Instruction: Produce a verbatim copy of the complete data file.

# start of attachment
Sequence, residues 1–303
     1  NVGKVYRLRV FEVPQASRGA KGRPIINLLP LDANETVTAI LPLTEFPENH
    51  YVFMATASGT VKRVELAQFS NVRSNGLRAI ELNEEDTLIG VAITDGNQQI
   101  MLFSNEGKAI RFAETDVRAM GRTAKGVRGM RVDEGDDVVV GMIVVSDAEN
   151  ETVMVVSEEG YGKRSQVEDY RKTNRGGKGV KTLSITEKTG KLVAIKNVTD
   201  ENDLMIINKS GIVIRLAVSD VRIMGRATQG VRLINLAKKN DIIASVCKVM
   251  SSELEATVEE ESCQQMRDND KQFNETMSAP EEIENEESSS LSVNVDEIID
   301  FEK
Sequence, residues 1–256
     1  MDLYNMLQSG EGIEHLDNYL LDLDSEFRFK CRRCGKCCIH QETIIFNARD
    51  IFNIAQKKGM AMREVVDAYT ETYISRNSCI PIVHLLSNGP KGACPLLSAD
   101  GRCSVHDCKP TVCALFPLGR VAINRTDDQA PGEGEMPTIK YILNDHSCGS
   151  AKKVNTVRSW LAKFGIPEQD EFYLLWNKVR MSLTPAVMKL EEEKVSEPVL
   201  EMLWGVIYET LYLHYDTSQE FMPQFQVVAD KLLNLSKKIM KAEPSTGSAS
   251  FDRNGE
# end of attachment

Sequence, residues 1–303
     1  NVGKVYRLRV FEVPQASRGA KGRPIINLLP LDANETVTAI LPLTEFPENH
    51  YVFMATASGT VKRVELAQFS NVRSNGLRAI ELNEEDTLIG VAITDGNQQI
   101  MLFSNEGKAI RFAETDVRAM GRTAKGVRGM RVDEGDDVVV GMIVVSDAEN
   151  ETVMVVSEEG YGKRSQVEDY RKTNRGGKGV KTLSITEKTG KLVAIKNVTD
   201  ENDLMIINKS GIVIRLAVSD VRIMGRATQG VRLINLAKKN DIIASVCKVM
   251  SSELEATVEE ESCQQMRDND KQFNETMSAP EEIENEESSS LSVNVDEIID
   301  FEK
Sequence, residues 1–256
     1  MDLYNMLQSG EGIEHLDNYL LDLDSEFRFK CRRCGKCCIH QETIIFNARD
    51  IFNIAQKKGM AMREVVDAYT ETYISRNSCI PIVHLLSNGP KGACPLLSAD
   101  GRCSVHDCKP TVCALFPLGR VAINRTDDQA PGEGEMPTIK YILNDHSCGS
   151  AKKVNTVRSW LAKFGIPEQD EFYLLWNKVR MSLTPAVMKL EEEKVSEPVL
   201  EMLWGVIYET LYLHYDTSQE FMPQFQVVAD KLLNLSKKIM KAEPSTGSAS
   251  FDRNGE